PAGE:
"I am a friend of Floyd Romesberg from his days living in Midland, Michigan. We hunted deer together, attended the same church, are both engineers, past members of Toastmaster’s International, and I am living on my first farm. This book was intensely interesting to me. I read it carefully to absorb details and add understanding to stories from my own family as I grew up. Organization of the book is excellent with chronological information starting with immigration, through today’s life. There are many fine stories, a message from the sky, description of farm living and then memoirs added by family members with yet new stories and different info on previous ones. Many of the stories could have been describing my own family. I would like to have a book like this written for my family. I suppose I will have to write and edit that book. My grandmother’s family were Quakers from Plymouth Colony in 1635 and from Pennsylvania Colony in 1683. My grandfather’s family are descendents of German immigrants who homesteaded near Tiffin, Ohio in 1830. We still attend reunions there every year. Ephriam’s Farm renewed many memories and helped me to understand my roots." Dennis Carey Zeiss

Table of Contents

Coat of Armsi
Prayer, 2006 Ephraim Romesberg Family Reunion

Chapter 1: Escape to America

Chapter 2: Stephen and Elias Lead the Way

Chapter 3: The Pritts Family

Chapter 4: Solomon and Polly Move to the Farm

Chapter 5: A Barrel of Flour

Chapter 6: The Spoke Factory and the Grey Squirrels

Chapter 7: Wilsoncreek and Blackfield

Chapter 8: Then There Were Eleven

Chapter 9: Red and Black Boots with Love

Chapter 10: A Blind Man and a Black Man and Ghosts

Chapter 11: A Message from the Sky

Chapter 12:
a) Housework
b) Chickens
c) Cattle
d) Hogs
e) Horses
f) Oats and Wheat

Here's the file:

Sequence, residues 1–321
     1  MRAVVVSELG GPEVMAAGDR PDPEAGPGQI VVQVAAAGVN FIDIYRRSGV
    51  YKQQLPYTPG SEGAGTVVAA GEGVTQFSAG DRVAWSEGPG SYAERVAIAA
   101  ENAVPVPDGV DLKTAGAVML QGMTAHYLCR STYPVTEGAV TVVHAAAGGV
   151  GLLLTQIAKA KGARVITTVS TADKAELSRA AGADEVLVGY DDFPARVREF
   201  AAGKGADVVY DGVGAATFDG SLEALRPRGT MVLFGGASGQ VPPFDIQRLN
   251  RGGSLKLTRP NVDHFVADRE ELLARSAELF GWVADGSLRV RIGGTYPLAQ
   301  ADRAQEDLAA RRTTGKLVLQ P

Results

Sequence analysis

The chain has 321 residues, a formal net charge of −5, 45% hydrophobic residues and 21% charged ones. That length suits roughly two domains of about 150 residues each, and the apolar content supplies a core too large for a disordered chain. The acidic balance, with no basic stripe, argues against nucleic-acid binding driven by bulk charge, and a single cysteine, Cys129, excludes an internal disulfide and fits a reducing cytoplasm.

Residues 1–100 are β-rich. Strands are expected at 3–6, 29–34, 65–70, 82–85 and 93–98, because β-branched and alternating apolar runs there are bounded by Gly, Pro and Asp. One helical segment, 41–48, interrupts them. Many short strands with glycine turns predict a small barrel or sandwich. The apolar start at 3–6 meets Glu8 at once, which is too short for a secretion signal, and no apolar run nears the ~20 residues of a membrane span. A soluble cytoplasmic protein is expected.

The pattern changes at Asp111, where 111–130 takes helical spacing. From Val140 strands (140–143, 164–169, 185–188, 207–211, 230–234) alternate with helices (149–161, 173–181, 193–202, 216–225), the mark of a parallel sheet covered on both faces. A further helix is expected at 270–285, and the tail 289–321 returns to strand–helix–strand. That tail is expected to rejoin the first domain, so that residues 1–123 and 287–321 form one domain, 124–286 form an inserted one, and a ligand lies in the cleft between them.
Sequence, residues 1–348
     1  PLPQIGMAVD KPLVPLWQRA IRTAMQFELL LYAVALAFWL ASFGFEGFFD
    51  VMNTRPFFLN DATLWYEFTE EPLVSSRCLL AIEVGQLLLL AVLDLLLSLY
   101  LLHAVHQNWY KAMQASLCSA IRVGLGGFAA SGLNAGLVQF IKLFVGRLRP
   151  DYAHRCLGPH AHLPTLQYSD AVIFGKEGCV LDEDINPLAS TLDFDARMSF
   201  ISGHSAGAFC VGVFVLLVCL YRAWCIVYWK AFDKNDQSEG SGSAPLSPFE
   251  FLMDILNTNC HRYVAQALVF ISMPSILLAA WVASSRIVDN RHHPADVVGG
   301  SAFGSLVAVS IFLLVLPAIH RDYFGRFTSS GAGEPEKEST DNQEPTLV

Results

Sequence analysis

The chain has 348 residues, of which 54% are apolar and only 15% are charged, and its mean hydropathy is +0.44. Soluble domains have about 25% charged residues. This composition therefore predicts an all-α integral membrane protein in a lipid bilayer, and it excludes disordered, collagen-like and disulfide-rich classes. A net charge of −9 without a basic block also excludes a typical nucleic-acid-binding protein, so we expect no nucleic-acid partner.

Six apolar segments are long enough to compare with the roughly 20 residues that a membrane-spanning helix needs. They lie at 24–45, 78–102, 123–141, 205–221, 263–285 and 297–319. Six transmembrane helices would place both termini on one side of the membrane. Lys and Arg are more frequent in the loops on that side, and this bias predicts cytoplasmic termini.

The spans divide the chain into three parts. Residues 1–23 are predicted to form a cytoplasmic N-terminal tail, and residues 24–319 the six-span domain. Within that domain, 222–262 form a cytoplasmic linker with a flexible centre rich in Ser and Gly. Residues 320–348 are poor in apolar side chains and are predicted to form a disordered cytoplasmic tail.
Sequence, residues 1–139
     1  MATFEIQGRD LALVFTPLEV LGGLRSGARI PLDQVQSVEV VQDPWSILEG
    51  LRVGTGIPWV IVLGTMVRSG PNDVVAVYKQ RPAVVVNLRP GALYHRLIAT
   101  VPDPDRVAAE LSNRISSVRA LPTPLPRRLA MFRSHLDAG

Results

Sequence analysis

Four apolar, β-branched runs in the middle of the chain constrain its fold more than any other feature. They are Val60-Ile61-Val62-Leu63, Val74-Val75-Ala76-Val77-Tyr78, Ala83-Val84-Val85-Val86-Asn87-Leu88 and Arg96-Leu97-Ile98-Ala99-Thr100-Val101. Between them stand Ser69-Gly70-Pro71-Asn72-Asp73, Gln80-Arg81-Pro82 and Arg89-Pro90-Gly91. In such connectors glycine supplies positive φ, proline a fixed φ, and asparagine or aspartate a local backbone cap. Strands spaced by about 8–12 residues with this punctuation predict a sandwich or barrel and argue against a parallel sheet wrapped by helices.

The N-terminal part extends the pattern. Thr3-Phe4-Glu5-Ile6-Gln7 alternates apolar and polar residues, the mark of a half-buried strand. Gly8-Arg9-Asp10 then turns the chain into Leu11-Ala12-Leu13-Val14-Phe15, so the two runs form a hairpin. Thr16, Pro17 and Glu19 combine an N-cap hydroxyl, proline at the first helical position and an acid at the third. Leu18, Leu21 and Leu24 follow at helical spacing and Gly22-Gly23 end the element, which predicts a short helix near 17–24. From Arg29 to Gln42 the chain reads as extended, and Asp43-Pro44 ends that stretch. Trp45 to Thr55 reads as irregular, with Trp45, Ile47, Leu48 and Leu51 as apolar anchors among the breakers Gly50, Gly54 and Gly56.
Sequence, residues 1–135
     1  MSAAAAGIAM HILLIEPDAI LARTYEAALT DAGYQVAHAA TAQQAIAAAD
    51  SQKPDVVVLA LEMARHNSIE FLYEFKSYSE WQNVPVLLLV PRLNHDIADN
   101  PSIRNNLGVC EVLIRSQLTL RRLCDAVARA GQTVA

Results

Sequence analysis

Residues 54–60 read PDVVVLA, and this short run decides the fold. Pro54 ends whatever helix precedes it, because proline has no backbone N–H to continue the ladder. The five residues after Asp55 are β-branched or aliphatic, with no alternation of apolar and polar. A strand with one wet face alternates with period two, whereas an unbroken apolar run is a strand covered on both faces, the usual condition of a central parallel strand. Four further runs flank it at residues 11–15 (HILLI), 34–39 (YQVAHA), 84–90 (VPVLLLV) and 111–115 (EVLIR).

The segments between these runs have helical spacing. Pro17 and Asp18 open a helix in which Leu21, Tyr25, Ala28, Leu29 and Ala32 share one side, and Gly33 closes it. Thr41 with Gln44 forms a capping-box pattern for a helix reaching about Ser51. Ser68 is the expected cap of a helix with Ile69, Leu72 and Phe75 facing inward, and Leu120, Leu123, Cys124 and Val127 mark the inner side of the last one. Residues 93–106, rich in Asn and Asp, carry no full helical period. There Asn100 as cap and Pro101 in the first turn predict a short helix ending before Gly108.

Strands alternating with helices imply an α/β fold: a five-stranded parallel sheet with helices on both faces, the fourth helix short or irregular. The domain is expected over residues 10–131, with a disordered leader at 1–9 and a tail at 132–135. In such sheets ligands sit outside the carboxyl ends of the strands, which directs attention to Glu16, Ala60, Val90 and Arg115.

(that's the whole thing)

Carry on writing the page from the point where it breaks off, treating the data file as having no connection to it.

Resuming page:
g) Corn
h) Hay
i) Potatoes
j) Apples and Cherries
k) Hard Jobs
l) Gardening

Chapter 13: School Days and WW II

Chapter 14: College

Chapter 15: Where Did They Go?

Chapter 16: Memoirs

Chapter 17: My Second Farm

Chapter 18: The Periodic Table

About the Author



Immigrants came to America from many countries. They played a key roll in the growth of this great country. The promise of free land and a better life filled them with hope.

They brought many skills and a broad band of knowledge from each of their mother countries. These early settlers all faced similar problems. The land was covered with huge trees, which would need to be cut down and their stumps removed before homes could be built and crops planted. The forest held an abundance of wild game. Many became hunters to supply meat for the table. Many became trappers and sold the furs to buy needed items. Lumbermen supplied lumber and carpenters built houses.

Stone masons built both homes and foundations using the many stones that were scattered over the land. Many types of stump pullers were developed to clear the land for homes and planting of crops. Wagons, tools and other machinery were needed and the blacksmith, wheelwrights and welding trades were developed.

Many small towns appeared, surrounded by rural communities. Some of these once small towns grew into large cities and many rural people moved to urban areas in search of work as time went on. As many moved away from the farms, families became smaller. The days of big family gatherings on Sunday for dinner and maybe a ball game in the afternoon became a thing of the past.

As we look a little closer at our American culture, we can see people scurrying about, everyone going in different directions, doing different things, everyone with a different agenda. For many, family life as we had known it began to disappear. With the invention of TV we have seen many changes in our society. TV has provided entertainment in the homes, which was enjoyable for the most part, but with the increasing display of violence such as robberies, murders, drugs and sexually explicit information, many of our values have changed. Sadly, our children have been exposed to all this ugliness.

What can we do about all this?

Perhaps you will find some answers in the pages of Ephraim’s Farm as you read the story of this family. The word “love” is not mentioned, yet “acts of love” were shown continuously throughout the story.

“If a young boy plays baseball every Sunday afternoon with his brothers, you will not find him on the street with drugs in one pocket and a gun in the other.”

It is clear that we need to bring back “family,” strong parenting and training of youth, starting at a young age.

Blue Dolphin Publishing, 2010